Relief could be coming soon for Newport Beach residents who live under departure flight paths from John Wayne Airport.
City Manager Dave Kiff, who works extensively with the airport and the Federal Aviation Administration, told the City Council on Tuesday that the aviation agency in October will again tweak its prescribed flight path for planes heading northwest in response to noise concerns.
He acknowledged he didn’t know what next month’s new path would look like, but he will be monitoring flights.
He’ll also have his eyes peeled in December, when the FAA will nudge a departure path for eastbound planes and possibly implement a new path that navigates Upper Newport Bay’s contours to minimize noise effects on both sides of the water.
The technology exists for the curving path, though only the newest planes have it, Kiff said. And he wasn’t certain how noise levels could change.
Flight path alterations made earlier this year are part of the FAA’s Southern California Metroplex project. The FAA says the new air traffic system covering the region’s airports, including John Wayne in Santa Ana, will address inefficiencies, save fuel and reduce carbon emissions and flight delays.
But flight path adjustments are a source of angst for Newport Beach residents, especially those close to Upper Newport Bay, who say shifts of a few hundred feet have brought the roar from jets too close to their rooftops.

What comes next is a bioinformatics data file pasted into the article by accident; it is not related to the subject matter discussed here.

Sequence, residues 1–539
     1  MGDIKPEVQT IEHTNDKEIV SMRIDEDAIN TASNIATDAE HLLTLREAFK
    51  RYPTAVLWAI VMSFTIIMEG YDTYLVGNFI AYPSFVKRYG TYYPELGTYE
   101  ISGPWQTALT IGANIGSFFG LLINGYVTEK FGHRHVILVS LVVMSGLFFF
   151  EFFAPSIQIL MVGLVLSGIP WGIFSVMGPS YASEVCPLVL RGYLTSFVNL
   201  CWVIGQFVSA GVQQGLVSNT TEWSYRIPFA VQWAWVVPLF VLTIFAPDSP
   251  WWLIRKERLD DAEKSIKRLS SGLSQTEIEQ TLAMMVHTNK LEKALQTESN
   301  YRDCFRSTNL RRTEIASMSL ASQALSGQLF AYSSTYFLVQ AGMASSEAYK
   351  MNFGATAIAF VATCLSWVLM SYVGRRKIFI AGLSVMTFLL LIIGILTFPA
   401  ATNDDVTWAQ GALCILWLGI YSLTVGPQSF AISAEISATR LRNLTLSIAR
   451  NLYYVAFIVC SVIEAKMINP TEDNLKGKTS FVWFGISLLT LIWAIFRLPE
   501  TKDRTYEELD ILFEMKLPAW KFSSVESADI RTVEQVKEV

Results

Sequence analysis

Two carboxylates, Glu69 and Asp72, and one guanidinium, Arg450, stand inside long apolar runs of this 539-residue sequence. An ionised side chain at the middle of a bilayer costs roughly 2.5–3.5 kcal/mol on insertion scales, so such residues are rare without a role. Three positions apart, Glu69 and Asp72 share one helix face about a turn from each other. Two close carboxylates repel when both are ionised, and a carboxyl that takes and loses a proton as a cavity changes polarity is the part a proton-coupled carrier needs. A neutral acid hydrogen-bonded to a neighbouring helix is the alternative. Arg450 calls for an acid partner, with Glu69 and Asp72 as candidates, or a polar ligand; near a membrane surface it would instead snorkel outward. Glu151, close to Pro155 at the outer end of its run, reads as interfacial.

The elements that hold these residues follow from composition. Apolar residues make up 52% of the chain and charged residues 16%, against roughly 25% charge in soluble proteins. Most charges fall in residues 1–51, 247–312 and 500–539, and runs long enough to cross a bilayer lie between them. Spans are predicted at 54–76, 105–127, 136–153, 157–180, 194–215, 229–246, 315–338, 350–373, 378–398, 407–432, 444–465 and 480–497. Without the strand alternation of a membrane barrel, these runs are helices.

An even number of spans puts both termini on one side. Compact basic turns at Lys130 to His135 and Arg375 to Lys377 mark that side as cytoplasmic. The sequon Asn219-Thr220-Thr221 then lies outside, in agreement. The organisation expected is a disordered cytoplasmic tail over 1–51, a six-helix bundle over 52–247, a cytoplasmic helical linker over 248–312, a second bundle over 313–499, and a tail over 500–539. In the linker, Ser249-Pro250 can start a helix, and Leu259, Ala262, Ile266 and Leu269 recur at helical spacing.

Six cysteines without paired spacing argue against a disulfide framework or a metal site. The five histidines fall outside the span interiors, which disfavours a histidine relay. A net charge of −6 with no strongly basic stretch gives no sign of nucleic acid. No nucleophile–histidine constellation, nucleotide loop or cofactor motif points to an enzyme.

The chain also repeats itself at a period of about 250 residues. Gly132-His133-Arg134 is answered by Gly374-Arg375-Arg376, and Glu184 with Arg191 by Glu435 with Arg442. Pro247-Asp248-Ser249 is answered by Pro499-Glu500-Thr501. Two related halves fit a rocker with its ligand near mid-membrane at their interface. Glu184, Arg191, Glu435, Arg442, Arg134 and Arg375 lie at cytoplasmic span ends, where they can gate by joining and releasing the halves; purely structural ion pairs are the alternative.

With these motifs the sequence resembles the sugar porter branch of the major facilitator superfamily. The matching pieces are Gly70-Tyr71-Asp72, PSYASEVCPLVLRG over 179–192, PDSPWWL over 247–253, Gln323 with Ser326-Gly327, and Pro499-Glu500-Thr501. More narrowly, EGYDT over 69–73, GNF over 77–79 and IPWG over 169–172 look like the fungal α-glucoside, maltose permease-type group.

Because of a lawsuit the city filed against the FAA last year challenging the agency’s environmental assessment of the Metroplex project — which concluded there would be no significant effects on surrounding communities — the FAA is willing to try the curving procedure, Kiff said.
He said the city’s “most important goal” in its relations with the airport is to protect locals’ quality of life.
Other objectives include protecting a longstanding agreement that caps the number of yearly passengers, sets a curfew and limits the number of the loudest flights.
Norman Myers, a physician and resident of the Bluffs neighborhood on the bay’s east side, told the council that articles in medical literature connect airport noise to serious health issues, including psychological stress that can lead to high blood pressure, heart disease, heart attacks and strokes.
“All of those things are higher in people who live near airports,” Myers said. “And if you come in already having those diseases and you live near an airport, especially if you’re near a flight path, those diseases progress more rapidly.”
He said studies also show that children’s cognitive development can be impaired by airport noise.
Davis writes for Times Community News.